• The aim is for the first grants to be paid before the end of April, but the existing systems are not set up to facilitate payments to employers, so the timing of the receipt of funds is uncertain. The system to handle the refunds is still being built, so exactly how this will work is still uncertain. Employers should be prepared to fund the payments through to at least May, before receiving the refund. The Government is constantly updating the advice on what can be claimed. The last advice can be found here

The Coronavirus Job Retention Scheme – The Basics

How to Claim and What to Claim for Wage Costs Through the Coronavirus Job Retention Scheme

Holidays for Employees

It is unlikely that many employees will wish to take much holiday whilst there are restrictions on the ability to travel. The government have recognised this and are relaxing the rules on carrying over annual leave. Employers need to recognise the difficulty and communicate to their employees what their policy will be. The policy needs to be fair and clear. It also needs to be applied to all. It will be easy to consider that furloughed staff and others, that are having to stay at work and cannot work, are ‘already on holiday’ and therefore should not accrue holiday time through this period, which they could take afterwards. This however, will be seen as unfair by the employees in question, who probably had little choice about whether they were told to remain at home and not work. What will be of particular concern to the business, is that after the crisis is over that the whole workforce may rush to take their whole year’s entitlement to holiday, in the remainder of 2020. This is why the government is extending the period to use this holiday over the next 2 leave years. Employers should reflect the new rules in their holiday procedures, but at the same time protect their business from all staff trying to take holidays at once.

All workers who have not taken all of their statutory annual leave entitlement due to COVID-19, will now be able to carry it over into the next 2 leave years.

Currently, almost all workers are entitled to 28 days holiday including bank holidays each year. However, most of this entitlement cannot be carried between leave years, meaning workers lose their holiday if they do not take it.

There is also an obligation on employers to ensure their workers take their statutory entitlement in any one year – failure to do so could result in a financial penalty.

The regulations will allow up to 4 weeks of unused leave to be carried into the next 2 leave years, easing the requirements on business to ensure that workers take the statutory amount of annual leave in any one year.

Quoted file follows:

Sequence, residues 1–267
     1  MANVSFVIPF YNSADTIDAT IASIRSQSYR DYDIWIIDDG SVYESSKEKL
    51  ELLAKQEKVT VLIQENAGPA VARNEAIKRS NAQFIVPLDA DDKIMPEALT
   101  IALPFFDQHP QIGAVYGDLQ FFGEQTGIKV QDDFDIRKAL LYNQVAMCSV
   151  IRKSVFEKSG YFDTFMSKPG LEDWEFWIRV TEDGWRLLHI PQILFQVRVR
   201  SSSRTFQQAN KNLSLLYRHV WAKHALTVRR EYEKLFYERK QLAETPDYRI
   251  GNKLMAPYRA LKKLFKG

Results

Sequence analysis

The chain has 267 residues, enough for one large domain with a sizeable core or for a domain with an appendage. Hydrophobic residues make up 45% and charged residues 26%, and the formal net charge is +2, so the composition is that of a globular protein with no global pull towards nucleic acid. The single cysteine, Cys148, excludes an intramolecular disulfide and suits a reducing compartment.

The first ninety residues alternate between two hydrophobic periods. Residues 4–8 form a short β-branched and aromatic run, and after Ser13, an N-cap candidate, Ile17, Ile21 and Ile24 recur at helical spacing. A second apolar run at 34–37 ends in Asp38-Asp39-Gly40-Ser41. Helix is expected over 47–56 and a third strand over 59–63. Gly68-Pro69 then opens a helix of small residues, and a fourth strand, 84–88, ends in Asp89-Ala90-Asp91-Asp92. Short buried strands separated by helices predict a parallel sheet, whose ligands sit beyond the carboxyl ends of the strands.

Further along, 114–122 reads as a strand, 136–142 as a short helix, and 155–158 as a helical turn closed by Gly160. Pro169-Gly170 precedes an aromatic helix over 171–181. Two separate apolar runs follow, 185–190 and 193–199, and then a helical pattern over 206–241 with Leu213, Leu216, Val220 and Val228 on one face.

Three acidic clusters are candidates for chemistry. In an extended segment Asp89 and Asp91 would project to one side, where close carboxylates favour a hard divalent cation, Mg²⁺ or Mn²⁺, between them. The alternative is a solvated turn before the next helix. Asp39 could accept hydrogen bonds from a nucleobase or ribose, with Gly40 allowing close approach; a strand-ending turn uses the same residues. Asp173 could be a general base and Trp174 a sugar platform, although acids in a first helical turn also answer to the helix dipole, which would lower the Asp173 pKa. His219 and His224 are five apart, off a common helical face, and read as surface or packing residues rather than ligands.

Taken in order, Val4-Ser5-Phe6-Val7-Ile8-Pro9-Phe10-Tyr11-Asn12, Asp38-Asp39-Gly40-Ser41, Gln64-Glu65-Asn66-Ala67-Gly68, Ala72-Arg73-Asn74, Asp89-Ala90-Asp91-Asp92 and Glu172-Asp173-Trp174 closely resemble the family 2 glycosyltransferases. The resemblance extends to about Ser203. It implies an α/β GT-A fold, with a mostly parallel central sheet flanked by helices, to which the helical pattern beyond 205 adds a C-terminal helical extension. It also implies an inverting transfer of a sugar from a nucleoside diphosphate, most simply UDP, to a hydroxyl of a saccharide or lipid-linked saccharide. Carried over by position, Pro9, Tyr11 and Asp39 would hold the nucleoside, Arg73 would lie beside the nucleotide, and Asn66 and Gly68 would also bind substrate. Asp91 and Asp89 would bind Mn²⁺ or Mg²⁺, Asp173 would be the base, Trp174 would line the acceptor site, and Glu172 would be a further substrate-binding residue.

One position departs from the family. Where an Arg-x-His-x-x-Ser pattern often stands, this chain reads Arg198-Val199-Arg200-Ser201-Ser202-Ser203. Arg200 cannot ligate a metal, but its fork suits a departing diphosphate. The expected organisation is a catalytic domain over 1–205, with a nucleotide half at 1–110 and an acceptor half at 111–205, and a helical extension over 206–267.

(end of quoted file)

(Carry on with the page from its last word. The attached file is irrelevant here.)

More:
This will mean that staff can continue working as part of the national effort against the coronavirus without losing out on annual leave entitlement.

The changes will also ensure all employers affected by COVID-19 have the flexibility to allow workers to carry over leave, at a time when granting annual leave could leave them short-staffed in some of Britain’s key industries, such as food and healthcare.

The changes will amend the Working Time Regulations, which apply to almost all workers, including agency workers, those who work irregular hours, and workers on zero-hours contracts.

VAT

  • No business will have to pay any VAT from now until mid-June.
  • The payment will be deferred, and businesses will have until the end of the 2020-21 tax year to settle any liabilities that have accumulated during the deferral period.
  • The deferral applies automatically and businesses do not need to apply for it.
  • On the 25th March HMRC confirmed that it will not automatically cancel collection of VAT payments by direct debit. Businesses that have a direct debit mandate in place to pay their VAT and wish to defer payment will need to contact their bank to cancel that mandate. This needs to be done before the direct debit is due to be collected. Businesses will also need to remember to reinstate their direct debit mandate once the deferral is over and to make arrangements to pay the accumulated VAT by the end of the 2020/21 tax year.
  • VAT refunds and reclaims will be paid by the government as normal.

Coronavirus Business Interruption Loan Scheme (CBILS)

  • This scheme was launched on Monday 23rd March.
  • Loans will be delivered by lenders that partner with the British Business Bank, including all of the major banks. The lender will receive a guarantee of 80% of the loan amount from the government. The loan will be interest free for the first 12 months.
  • These loans are intended to support cash strapped small and medium sized business during the crisis. They are available for UK-based businesses with turnover of no more than £45 million and can provide for a facility up to £5 million.
  • The borrower remains liable for 100% of the debt.
  • It is expected that further measures for larger and medium size business will be announced shortly.
  • As the details of the scheme were announced by the individual banks, some stated that they were looking for personal guarantees.